The Public Utilities Regulatory Commission (PURC), perhaps, gave Ghanaians a pre-independence anniversary present with the announcement last Monday, March 5, of a reduction in electricity tariffs ranging between 10 and 30 per cent.
Unprecedented in recent times, although the downward review is yet to take effect, the announcement by the commission has already put Ghanaians in a jubilant mood and justifiably so because many have complained several times about the high utilities they have to pay every month.
The Daily Graphic believes that the reduction, which is 17.5 per cent for residential consumers, 30 per cent for non-residential consumers and 25 per cent for special load tariff consumers, will reduce the financial burden and pressure on a lot of Ghanaians.
While residential consumers will have some needed funds freed for other needs, non-residential and special load consumers who are to enjoy a higher reduction, will be able to cut down on the cost of production, which would have a ripple beneficial effect on their consumers.
We laud all the stakeholders who contributed to make the reduction a reality and also commend the government for honouring its word to lighten the burden on Ghanaians by reducing utility tariffs.
The Daily Graphic, however, asks that the decision regarding water tariffs is also hastened through the needed consultations among stakeholders as was done with the electricity tariffs.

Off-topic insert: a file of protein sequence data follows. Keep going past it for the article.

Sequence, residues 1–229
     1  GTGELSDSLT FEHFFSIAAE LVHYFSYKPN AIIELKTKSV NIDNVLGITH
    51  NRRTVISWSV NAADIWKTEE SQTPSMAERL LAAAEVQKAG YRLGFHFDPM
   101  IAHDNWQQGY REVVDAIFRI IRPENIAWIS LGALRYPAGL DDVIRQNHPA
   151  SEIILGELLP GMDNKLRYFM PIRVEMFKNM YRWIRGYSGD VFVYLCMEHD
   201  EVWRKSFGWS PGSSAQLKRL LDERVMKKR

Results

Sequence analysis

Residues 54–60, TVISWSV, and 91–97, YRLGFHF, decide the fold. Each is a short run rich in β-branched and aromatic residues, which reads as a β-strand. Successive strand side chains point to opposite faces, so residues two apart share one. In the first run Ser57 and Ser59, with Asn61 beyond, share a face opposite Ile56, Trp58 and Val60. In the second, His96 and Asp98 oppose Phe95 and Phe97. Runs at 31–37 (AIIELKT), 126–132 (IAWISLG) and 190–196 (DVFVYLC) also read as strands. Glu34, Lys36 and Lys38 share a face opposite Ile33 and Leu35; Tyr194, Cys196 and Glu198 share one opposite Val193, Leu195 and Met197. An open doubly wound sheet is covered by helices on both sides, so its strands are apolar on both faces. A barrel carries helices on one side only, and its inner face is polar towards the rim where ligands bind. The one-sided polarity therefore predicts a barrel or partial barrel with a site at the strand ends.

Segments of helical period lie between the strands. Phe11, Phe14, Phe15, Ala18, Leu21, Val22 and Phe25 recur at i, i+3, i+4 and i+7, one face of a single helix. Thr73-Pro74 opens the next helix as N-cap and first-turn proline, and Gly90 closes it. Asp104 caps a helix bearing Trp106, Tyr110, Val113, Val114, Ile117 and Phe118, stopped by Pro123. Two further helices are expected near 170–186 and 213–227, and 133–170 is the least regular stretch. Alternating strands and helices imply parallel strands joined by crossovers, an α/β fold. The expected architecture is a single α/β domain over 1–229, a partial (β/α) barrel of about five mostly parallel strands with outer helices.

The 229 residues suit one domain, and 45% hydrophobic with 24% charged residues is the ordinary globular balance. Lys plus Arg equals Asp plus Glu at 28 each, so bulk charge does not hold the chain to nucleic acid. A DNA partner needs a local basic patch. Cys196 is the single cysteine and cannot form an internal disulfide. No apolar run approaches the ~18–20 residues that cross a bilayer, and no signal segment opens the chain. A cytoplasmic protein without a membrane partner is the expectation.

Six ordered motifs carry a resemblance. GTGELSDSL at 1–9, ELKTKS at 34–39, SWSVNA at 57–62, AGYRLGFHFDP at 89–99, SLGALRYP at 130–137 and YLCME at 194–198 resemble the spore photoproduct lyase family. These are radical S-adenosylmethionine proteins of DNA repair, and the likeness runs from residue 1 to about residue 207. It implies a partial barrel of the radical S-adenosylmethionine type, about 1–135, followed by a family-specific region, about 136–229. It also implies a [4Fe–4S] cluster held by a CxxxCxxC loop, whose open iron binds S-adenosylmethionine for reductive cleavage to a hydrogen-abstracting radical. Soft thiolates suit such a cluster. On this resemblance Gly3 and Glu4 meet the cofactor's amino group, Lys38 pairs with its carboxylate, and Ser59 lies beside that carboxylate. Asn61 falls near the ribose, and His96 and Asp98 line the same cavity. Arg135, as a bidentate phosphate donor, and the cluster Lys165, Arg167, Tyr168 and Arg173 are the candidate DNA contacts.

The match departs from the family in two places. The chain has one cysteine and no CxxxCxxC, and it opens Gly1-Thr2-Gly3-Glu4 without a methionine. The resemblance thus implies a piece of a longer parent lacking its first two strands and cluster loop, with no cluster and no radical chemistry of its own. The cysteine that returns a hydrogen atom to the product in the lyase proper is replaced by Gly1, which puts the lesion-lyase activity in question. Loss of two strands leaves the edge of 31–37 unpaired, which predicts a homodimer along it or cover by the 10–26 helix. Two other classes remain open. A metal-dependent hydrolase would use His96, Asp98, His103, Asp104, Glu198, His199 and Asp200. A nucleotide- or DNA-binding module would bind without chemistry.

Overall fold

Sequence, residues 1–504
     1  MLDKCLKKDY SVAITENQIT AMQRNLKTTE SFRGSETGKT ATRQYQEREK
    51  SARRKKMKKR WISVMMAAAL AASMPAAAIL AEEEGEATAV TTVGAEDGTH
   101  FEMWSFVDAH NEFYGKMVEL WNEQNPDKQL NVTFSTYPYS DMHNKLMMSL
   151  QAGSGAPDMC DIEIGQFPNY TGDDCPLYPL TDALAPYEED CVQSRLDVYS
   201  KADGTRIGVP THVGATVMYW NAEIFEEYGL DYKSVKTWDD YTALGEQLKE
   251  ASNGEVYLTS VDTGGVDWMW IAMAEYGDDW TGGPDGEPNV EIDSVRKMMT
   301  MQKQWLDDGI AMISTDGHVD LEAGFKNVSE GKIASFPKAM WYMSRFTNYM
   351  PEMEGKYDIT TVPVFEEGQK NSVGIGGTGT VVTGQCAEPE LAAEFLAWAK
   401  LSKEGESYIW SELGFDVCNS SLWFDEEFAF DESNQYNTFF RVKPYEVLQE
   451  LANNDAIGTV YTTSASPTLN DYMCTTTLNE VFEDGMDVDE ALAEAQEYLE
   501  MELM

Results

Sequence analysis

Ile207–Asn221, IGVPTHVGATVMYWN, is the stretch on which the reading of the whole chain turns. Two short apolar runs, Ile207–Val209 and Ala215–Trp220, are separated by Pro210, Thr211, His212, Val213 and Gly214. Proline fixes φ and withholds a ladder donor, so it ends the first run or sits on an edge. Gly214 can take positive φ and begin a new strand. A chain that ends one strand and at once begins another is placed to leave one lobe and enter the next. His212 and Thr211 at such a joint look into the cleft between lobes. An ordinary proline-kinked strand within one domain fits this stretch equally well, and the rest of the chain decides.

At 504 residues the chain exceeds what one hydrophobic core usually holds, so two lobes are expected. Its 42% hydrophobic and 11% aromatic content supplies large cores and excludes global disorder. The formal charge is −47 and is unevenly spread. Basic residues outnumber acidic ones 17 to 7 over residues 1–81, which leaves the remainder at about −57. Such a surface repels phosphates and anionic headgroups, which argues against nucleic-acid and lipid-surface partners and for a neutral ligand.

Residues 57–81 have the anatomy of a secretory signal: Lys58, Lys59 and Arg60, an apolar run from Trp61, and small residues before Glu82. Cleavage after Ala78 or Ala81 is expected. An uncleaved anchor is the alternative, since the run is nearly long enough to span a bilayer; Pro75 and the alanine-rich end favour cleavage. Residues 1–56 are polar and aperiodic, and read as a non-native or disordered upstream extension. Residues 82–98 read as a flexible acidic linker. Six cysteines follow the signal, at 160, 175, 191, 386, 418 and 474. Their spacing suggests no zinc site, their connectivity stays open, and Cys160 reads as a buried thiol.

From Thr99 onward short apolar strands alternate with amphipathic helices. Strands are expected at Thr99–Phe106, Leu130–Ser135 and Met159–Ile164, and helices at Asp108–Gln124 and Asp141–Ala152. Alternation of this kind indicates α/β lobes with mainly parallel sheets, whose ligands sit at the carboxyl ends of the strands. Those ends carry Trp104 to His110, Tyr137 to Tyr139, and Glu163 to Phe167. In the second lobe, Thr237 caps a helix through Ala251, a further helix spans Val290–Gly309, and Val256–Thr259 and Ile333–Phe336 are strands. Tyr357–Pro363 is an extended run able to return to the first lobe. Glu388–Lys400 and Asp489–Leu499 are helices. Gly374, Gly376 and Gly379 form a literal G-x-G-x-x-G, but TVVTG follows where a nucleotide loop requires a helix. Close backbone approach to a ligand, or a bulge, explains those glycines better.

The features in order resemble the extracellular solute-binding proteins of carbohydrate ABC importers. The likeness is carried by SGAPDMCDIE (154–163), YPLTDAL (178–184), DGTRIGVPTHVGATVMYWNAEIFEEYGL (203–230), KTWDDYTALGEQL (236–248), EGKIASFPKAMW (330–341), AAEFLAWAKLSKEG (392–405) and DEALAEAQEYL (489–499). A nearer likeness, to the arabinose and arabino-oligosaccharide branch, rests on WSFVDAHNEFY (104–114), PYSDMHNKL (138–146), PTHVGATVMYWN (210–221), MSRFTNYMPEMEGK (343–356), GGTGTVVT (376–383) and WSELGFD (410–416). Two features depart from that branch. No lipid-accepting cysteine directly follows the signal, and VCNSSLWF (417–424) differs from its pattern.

Consumers need not be charged unjustly for their use of indispensable utilities, such as water and electricity.
We urge all the players in the utility sector to be truthful in their dealings with consumers in order not to overburden the working public who also have to pay for other needs of the family every month.
While we express the appreciation of all Ghanaians for the reduction in electricity tariffs, we are not by any chance suggesting that if there is the need for further downward review, it must not be done.
In the spirit of equity and fairness, we urge the PURC to, in consultation with stakeholders, do the required adjustment if there is justification for further reduction so that when the tables turn, consumers will accept the new tariffs in good faith.
Perhaps, it is also time for the electricity providers to check malpractices by some unscrupulous consumers who do illegal connections and deprive the utility providers of the needed revenue.
It is time for the public to assist the utility providers with information that would assist in arresting and dealing with the power thieves.
We do not in anyway also believe that tariff adjustments must adversely affect the delivery of utility services and we urge the utility service providers not to use the reduction as a pretext to deliver poor services in order to ask for upward adjustment in tariffs.
We trust that all the key factors, such as consumer and investor interests, economic development, revenue requirement and natural gas prices, among others, that were considered before the electricity tariffs were reduced and announced, will continue to be the yardstick for further utility price adjustments.
The Daily Graphic prays that the reduction will make the Ghanaian workforce more economically sound.